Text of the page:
The extra piece of data, patient perspective, allowed clinicians to create care plans that were more individualized than what subjective and objective information provided. The patient’s perspective included details into how the patient was feeling about her current situation. Clinicians used the information to formulate communication strategies to minimize fear and anxiety, to determine frequency of treatment and to address specific activities that were problematic via graded exposure. Frequent reassessment gave insight into the patient’s response shift either positively or negatively. Clinicians improved their decisions on when to end an episode of care because they were armed with outcomes data.
When clinicians began truly incorporating patient reported outcome measures into practice, clinicians learned that a significant portion of their value included managing a patient’s perceptions.
Significant Value in Managing Patient Perspectives
The future for clinicians will include determining the appropriate frequency of in-person sessions. Because clinicians are now including the patient’s perspective during the evaluation process and intermittently to assess response shifts, clinicians will have more options when providing care. Clinicians will consider the intensity of the required services. Clinicians will determine if a patient requires in-office visits or if an app and telerehabilitation will be sufficient to improve the patient’s condition. More and more time will be spent analyzing data to insure the patient is progressing as would be expected. Data will include patient reported outcome measures, wearable sensor data, and performance based data.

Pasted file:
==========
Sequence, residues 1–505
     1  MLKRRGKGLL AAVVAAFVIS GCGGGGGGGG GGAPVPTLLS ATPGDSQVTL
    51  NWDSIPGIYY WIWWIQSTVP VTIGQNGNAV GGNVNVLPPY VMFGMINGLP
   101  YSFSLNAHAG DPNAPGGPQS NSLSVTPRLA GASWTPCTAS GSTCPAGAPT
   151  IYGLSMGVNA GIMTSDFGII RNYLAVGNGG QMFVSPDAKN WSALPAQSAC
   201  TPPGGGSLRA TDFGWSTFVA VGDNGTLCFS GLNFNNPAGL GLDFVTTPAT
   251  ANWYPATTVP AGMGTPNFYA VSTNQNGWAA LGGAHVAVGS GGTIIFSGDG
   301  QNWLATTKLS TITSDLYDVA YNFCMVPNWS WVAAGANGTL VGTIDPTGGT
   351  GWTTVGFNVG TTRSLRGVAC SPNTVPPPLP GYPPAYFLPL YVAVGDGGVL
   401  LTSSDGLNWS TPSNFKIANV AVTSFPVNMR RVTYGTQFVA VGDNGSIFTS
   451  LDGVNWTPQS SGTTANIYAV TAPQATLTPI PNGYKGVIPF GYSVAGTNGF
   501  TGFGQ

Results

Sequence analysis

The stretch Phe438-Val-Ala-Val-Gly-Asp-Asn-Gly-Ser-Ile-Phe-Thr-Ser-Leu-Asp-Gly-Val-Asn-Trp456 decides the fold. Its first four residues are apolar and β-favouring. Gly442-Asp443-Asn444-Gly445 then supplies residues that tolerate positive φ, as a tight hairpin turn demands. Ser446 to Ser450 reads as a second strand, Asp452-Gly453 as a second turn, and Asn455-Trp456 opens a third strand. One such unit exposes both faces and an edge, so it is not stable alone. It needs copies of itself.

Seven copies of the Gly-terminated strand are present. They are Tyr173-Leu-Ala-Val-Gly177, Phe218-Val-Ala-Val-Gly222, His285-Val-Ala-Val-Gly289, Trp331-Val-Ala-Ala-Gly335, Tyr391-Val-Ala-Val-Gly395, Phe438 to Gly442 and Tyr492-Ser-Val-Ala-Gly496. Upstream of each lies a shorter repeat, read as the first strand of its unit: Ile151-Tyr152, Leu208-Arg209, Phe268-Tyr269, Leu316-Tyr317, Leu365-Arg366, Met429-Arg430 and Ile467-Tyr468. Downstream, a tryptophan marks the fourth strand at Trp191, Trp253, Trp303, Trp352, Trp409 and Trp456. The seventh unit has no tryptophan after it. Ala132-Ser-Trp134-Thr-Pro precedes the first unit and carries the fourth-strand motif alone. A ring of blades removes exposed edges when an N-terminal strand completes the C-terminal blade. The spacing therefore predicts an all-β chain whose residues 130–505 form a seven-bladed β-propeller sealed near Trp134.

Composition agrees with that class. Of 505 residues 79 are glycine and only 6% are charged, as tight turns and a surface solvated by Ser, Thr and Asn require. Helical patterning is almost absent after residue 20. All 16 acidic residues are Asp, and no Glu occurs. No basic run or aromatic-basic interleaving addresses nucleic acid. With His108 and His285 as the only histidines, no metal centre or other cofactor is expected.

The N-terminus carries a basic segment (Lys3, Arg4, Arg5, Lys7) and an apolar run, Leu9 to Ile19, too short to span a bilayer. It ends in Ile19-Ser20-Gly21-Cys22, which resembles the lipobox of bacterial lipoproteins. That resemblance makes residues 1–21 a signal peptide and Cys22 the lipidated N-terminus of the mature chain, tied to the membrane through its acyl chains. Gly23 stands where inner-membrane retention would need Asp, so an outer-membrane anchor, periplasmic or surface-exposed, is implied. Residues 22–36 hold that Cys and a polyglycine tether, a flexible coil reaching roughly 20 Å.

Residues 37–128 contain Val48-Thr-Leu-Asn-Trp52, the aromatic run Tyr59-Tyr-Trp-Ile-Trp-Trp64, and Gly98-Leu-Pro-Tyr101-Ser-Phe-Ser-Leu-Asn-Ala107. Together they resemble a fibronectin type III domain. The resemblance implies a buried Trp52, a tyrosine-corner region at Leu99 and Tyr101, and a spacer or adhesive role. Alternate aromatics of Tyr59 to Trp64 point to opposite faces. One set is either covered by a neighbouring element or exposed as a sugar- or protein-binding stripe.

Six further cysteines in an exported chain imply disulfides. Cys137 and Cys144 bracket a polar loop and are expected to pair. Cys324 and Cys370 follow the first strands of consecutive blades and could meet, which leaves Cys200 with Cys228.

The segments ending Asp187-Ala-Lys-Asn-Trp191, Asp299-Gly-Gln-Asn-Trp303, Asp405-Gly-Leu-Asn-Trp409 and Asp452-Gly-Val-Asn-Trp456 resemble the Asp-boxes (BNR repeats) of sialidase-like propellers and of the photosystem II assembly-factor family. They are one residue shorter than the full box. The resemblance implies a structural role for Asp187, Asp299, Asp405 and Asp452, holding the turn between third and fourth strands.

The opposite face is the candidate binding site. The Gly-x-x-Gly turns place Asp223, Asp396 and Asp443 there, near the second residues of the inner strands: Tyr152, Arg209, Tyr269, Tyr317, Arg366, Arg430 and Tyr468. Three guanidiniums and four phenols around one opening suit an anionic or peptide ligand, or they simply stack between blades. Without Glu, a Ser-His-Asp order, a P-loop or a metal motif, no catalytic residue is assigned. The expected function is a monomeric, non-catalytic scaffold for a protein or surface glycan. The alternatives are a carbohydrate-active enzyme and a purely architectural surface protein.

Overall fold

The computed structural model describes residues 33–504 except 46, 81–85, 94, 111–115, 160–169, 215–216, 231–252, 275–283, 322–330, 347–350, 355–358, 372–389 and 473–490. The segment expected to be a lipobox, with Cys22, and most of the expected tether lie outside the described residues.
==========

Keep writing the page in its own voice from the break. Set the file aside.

Telerehabilitation and Data Analysis
Professional development remained important over the last five years. Gurus, charismatic individuals and clinicians with years of experience continued to play a role in the learning process. The overall focus revolved around techniques: what techniques and how to perform the specific intervention. Clinicians either traveled or subscribed for online courses. Learning experience were typically outsourced.
The future will rely heavily on performance based evidence: that of the individual clinician and that of the educator. Mentorship opportunities will more easily arise in-house. Two factors will improve the mentorship experience: outcomes data and the ability to self-reflect. A mentor armed with outcomes data and a mentee adequately self-reflecting will impact the individual’s professional development. The learning and growing will become very specific.
Because data provides accurate insight into performance, the situation may also flip-flop. A mentee can absolutely be a mentor to another individual. The mentee has both strengths and weaknesses. In one situation, the clinician may be a mentee, yet in a different situation the mentor.
Performance Based Evidence for Mentorship
Over the last five years, the patient experience changed to include patient reported outcome measures and satisfaction surveys. Consultations and evaluations were not solely dependent upon in-person assessments. Patients were using their computer and mobile devices in preparation for in-office visits. Patient reported outcome measures tracked change.
The data from outcomes management systems touched communities. Patients had opportunities to choose providers based on data. Because of increased cost sharing in most health care plans, patients began shopping prior to initiating services. With the inclusion of outcomes data, patients could learn both the estimated cost of care along with the projected results from services.
Estimated Cost AND Expected Results of Care
Outcomes management has changed over the last five years. An impact occurred in all touch points: patient, payers and providers. The overall trend indicates more and more data driven decisions: clinically, educationally and financially.
Until next time,